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The Pope's Noble Guards, on Duty in a Beautiful Loggia

( Originally Published 1907 )



A loggia in Italy is a balcony under the main roof of a building. In the present instance the loggia has long been enclosed with glass so as to give it the character of an apartment or corridor rather than of a balcony. The Noble Guards on duty have assembled here to await the next call for service, and consequently we have a fine opportunity to study them at close view. Their uniform is simple but effective—trousers of dark blue, black coats with gold epaulets, helmets of steel with crests of gold, and a band of gold across the breast with three letters on the band indicating their title in Italian: The Noble Guard of the Pope. As we can see, they are picked men, of fine stature and distinguished bearing. As a matter of fact they are the sons of the old nobility, who jealously guard for their descendants the privilege of this service. In ancient times they numbered a whole regiment, constituting a royal guard, and had precedence in all royal and military gatherings. At present they number between sixty and seventy. They no longer live in the Vatican, or in barracks, but at home, receiving no salary, but serving simply for the honor. The Pope has had no army since the Italians took possession of Rome on the 20th of September, 187o, and deprived him of all temporal power.

That was the concluding act of a movement for the unification of Italy. It might well have been omitted. Italy had secured its unification without disturbing the papal territory, and there was tremendous discussion at the time among the diplomats of the world as to the propriety of absorbing the States of the Church. Napoleon III upheld the Pope, but the Radical and Anarchistic wings of the Italian movement, desiring the gradual and sure extinction of all religion, insisted on the occupation of Rome. King Victor Immanuel was therefore forced, when Napoleon III withdrew his troops from Rome for service in the Franco-Prussian war, to enter Rome. The Pope retired to the Vatican territory, and the King took possession of the city, and as already stated lives now in the palace of the Quirinal. The Italian Parliament decreed the sovereignty of the Vatican, provided an annual payment of $100,000 for the Pope as some return for his confiscated territory, and treated him as a monarch. The Pope declined the money, and declared himself a prisoner in the Vatican, a position which he has since held. For over thirty years the two powers have held this hostile attitude, with great detriment to the religious condition of Italy. A great part of the Church property was seized by the Italian government; pious foundations were confiscated and their funds devoted to State purposes, dioceses were left without bishops, and great confusion prevailed. In the last few Years, however, there has been a softening of the old rancors. The progress of the Radical and Anarchistic groups in Italy became at one time so great that the Monarchists were somewhat at their mercy. To offset this condition, which promised evil for the kingdom, the supporters of the Pope, who had always abstained from voting, from office holding and from political life generally, entered the field against the Reds and supported the King at the polls with fine results in behalf of conservatism.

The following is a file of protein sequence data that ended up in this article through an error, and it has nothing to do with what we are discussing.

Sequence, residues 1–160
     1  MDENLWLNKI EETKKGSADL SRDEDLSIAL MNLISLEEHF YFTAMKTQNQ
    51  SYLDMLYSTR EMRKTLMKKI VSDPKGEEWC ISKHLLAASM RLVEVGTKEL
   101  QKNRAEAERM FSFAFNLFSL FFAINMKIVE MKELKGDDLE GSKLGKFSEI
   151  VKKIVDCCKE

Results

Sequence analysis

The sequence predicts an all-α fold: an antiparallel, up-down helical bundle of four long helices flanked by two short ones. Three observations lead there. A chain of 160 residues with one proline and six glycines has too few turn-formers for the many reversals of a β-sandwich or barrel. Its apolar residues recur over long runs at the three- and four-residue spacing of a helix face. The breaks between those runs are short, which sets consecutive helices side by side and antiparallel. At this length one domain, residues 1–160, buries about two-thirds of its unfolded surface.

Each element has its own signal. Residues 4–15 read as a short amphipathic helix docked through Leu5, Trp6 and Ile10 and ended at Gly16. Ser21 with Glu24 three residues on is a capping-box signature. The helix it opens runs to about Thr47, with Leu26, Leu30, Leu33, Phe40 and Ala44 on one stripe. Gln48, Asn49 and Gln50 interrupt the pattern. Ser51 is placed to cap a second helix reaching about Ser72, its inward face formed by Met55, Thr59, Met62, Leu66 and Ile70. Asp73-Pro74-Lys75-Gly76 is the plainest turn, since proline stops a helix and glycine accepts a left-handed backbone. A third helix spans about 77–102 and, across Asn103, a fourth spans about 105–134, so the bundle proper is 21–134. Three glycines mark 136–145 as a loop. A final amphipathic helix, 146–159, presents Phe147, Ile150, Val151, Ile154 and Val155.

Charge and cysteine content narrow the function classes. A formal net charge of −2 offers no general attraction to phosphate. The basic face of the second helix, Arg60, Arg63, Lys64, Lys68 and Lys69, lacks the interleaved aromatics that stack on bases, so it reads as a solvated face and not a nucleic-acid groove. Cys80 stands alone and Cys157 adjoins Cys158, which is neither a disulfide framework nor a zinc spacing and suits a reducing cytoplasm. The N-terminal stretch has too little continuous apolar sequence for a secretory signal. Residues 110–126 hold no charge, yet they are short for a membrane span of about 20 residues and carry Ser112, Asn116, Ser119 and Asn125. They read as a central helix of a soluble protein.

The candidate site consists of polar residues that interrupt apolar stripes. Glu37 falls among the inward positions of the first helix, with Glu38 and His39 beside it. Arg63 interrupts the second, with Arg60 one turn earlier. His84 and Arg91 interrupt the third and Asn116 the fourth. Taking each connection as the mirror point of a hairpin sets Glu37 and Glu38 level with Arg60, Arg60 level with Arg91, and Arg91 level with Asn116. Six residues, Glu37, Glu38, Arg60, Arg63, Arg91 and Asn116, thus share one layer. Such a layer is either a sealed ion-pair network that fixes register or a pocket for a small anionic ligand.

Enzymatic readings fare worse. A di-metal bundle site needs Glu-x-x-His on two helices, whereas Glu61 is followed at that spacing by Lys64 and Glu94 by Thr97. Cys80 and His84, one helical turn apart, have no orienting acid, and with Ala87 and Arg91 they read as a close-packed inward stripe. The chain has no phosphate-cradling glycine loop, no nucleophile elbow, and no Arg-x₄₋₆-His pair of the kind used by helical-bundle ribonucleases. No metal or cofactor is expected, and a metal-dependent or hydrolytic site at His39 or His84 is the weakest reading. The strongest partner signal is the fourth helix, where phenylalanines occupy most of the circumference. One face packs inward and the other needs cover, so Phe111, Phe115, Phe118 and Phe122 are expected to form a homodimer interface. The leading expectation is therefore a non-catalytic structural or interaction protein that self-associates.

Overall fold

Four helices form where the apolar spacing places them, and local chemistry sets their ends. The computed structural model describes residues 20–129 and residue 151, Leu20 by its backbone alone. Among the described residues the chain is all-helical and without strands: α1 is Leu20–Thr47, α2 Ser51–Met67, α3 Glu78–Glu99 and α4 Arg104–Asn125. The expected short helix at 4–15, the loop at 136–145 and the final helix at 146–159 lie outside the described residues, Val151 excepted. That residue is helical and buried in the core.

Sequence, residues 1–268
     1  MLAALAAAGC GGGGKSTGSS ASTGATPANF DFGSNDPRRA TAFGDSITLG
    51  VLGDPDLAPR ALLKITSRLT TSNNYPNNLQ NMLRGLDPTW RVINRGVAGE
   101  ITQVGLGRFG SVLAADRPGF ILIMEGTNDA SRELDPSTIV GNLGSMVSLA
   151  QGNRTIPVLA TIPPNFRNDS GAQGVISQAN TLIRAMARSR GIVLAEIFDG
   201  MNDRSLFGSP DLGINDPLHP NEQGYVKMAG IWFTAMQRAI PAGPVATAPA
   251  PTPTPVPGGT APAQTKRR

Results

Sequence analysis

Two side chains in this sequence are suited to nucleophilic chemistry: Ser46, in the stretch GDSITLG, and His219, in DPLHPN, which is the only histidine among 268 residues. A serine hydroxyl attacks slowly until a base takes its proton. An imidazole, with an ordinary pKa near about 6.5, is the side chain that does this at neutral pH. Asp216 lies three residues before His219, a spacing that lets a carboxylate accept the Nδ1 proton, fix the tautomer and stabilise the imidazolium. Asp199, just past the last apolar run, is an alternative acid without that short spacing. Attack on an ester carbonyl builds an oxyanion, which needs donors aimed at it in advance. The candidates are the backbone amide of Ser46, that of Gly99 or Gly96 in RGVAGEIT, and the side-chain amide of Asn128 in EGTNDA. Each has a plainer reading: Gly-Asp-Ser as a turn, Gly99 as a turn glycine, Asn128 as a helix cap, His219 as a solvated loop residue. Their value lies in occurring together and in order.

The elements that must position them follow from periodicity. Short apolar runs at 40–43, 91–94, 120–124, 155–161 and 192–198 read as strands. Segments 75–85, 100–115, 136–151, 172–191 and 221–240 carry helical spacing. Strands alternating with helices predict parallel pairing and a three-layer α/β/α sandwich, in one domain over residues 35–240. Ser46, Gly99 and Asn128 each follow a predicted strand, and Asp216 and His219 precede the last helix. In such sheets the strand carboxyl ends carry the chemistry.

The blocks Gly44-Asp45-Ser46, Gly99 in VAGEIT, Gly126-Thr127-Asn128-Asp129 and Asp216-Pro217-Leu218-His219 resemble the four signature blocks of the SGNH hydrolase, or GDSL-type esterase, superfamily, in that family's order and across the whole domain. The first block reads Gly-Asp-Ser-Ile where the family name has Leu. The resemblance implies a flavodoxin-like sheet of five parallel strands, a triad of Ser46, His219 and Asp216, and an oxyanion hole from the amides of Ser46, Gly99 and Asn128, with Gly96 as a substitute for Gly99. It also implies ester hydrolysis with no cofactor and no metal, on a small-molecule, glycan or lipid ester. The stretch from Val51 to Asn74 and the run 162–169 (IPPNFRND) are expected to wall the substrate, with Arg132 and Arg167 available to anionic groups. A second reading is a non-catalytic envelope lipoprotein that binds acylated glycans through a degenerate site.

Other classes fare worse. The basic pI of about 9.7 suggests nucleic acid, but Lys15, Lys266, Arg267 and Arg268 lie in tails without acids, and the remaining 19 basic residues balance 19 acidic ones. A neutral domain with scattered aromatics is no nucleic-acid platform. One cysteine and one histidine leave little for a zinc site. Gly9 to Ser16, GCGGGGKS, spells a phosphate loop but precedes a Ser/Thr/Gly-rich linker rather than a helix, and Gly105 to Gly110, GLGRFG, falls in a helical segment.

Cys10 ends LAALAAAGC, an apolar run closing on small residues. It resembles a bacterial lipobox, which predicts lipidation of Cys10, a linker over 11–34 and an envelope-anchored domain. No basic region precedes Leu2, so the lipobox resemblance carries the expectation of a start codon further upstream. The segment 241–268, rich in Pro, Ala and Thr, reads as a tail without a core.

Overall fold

Observe the beauty of this loggia with its polished colored: marbles, the work of famous artists and skilled artisans. The colonnade and the Piazza of San Pietro are only a few hundred feet away straight ahead beyond several palace rooms. Sturdy and ancient as these buildings are, time has been busy with them. Recently it was discovered that this loggia, rising over the Court of San Damaso, showed signs of sagging, and instant repairs had to be made. The expense of keeping these buildings in good condition is enormous.

Our next position will be in the apartment of Monsignore Bisleti, the Master of the Chamber to Pius X. Find the figure 19 on the map for the precise location of our standpoint, near a turn in a long staircase which leads to the Court of San Damaso.



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